A core-collapse supernova represents the ultimate stage of the evolution of massive stars.The iron core contraction may be followed by a gigantic explosion which gives birth to a neutron star.The multidimensional dynamics of the innermost region, during the first hundreds milliseconds, plays a decisive role on the explosion success because hydrodynamical instabilities are able to break the spherical symmetry of the collapse. Large scale transverse motions generated by two instabilities, the neutrino-driven convection and the Standing Accretion Shock Instability (SASI),increase the heating efficiency up to the point of launching an asymmetric explosion and influencing the birth properties of the neutron star. In this thesis, hydrodynamical instabilities are studied using numerical simulations of simplified models. These models enable a wide exploration of the parameter space and a better physical understanding of the instabilities, generally inaccessible to realistic models.The non-linear regime of SASI is analysed to characterize the conditions under which a spiral mode prevails and to assess its ability to redistribute angular momentum radially.The influence of rotation on the shock dynamics is also addressed. For fast enough rotation rates, a corotation instability overlaps with SASI and greatly impacts the dynamics. The simulations enable to better constrain the effect of non-axisymmetric modes on the angular momentum budget of the iron core collapsing into a neutron star. SASI may under specific conditions spin up or down the pulsar born during the explosion. Finally, an idealised model of the heating region is studied to characterize the non-linear onset of convection by perturbations such as those produced by SASI or pre-collapse combustion inhomogeneities. The dimensionality issue is examined to stress the beneficial consequences of the three-dimensional dynamics on the onset of the explosion. (author) [fr

  2. Stabiliteit spontane taal bij chronische milde afasie

    NARCIS (Netherlands)

    Wolthuis, Nienke; Mendez Orellana, Carolina; Nouwens, Femke; Jonkers, Roel; Visch-Brink, Evy; Bastiaanse, Roelien


    In aphasia, an analysis of spontaneous speech provides opportunities to establish the linguistic and communicative abilities, to create suitable therapy plans and to measure language progress. The current study investigated the stability of spontaneous speech within an interview of ten mild aphasic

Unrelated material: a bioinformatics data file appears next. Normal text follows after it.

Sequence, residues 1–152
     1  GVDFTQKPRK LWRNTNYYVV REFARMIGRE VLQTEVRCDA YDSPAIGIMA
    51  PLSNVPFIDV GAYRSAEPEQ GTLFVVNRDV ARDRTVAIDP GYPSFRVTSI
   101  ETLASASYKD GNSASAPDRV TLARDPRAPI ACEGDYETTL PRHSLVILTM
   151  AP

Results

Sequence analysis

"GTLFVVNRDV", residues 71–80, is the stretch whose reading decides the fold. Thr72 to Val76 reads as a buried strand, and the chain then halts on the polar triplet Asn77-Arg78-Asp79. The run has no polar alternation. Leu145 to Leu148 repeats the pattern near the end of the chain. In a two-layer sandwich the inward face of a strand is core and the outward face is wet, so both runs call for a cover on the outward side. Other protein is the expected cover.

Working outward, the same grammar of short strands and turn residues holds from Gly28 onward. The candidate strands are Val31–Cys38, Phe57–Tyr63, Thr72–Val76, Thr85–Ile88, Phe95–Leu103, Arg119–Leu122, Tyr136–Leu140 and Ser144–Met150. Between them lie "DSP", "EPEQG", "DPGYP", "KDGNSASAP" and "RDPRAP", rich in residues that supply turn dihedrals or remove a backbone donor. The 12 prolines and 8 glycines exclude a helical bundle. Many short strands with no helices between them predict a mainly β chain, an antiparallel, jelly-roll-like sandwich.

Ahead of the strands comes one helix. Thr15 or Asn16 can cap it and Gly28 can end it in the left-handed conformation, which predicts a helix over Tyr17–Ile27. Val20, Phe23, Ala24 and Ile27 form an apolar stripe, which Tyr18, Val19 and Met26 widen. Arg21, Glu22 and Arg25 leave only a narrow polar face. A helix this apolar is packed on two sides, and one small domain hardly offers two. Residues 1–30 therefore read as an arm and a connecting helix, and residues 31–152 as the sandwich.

3. Spontaneously broken abelian gauge invariant supersymmetric model

    International Nuclear Information System (INIS)

    Mainland, G.B.; Tanaka, K.

    A model is presented that is invariant under an Abelian gauge transformation and a modified supersymmetry transformation. This model is broken spontaneously, and the interplay between symmetry breaking, Goldstone particles, and mass breaking is studied. In the present model, spontaneously breaking the Abelian symmetry of the vacuum restores the invariance of the vacuum under a modified supersymmetry transformation. (U.S.)

  4. Spontaneous Achilles tendon rupture in alkaptonuria | Mohammed ...

    African Journals Online (AJOL)

    Spontaneous Achilles tendon ruptures are uncommon. We present a 46-year-old man with spontaneous Achilles tendon rupture due to ochronosis. To our knowledge, this has not been previously reported in Sudan literature. The tendon of the reported patient healed well after debridement and primary repairs.

  5. Spontaneous rupture of choledochal cyst: case report

    Energy Technology Data Exchange (ETDEWEB)

    Shin, Ho Seob; Nam, Kyung Jin; Lee, Jin Hwa; Kim, Chan Sung; Choi, Jong Cheol; Oh, Jong Young [Dong-a University College of Medicine, Pusan (Korea, Republic of)


    Spontaneous rupture of a choledochal cyst leading to biliary peritonitis is a rare complication which can be fatal if not promptly diagnosed. The authors report the ultrasound and CT findings of two cases of spontaneous choledochal cystic rupture and the biliary peritonitis which ensued.

  6. Early pregnancy angiogenic markers and spontaneous abortion

    DEFF Research Database (Denmark)

    Andersen, Louise B; Dechend, Ralf; Karumanchi, S Ananth


    BACKGROUND: Spontaneous abortion is the most commonly observed adverse pregnancy outcome. The angiogenic factors soluble Fms-like kinase 1 and placental growth factor are critical for normal pregnancy and may be associated to spontaneous abortion. OBJECTIVE: We investigated the association between...... maternal serum concentrations of soluble Fms-like kinase 1 and placental growth factor, and subsequent spontaneous abortion. STUDY DESIGN: In the prospective observational Odense Child Cohort, 1676 pregnant women donated serum in early pregnancy, gestational week ..., interquartile range 71-103). Concentrations of soluble Fms-like kinase 1 and placental growth factor were determined with novel automated assays. Spontaneous abortion was defined as complete or incomplete spontaneous abortion, missed abortion, or blighted ovum

  7. The Effect of Nano-Aluminumpowder on the Characteristic of RDX based Aluminized Explosives Underwater Close-Filed Explosion


    Junting Yin; Baohui Yuan; Tao Zhou; Gang Li; Xinlian Ren


    In order to investigate the effect of nano-aluminum powder on the characteristic of RDX based aluminized explosives underwater closed-filed explosions, the scanning photographs along the radial of the charges were gained by a high speed scanning camera. The photographs of two different aluminized explosives underwater explosion have been analyzed, the shock wave curves and expand curves of detonation products were obtained, furthermore the change rules of shock waves propagation velocity, sho...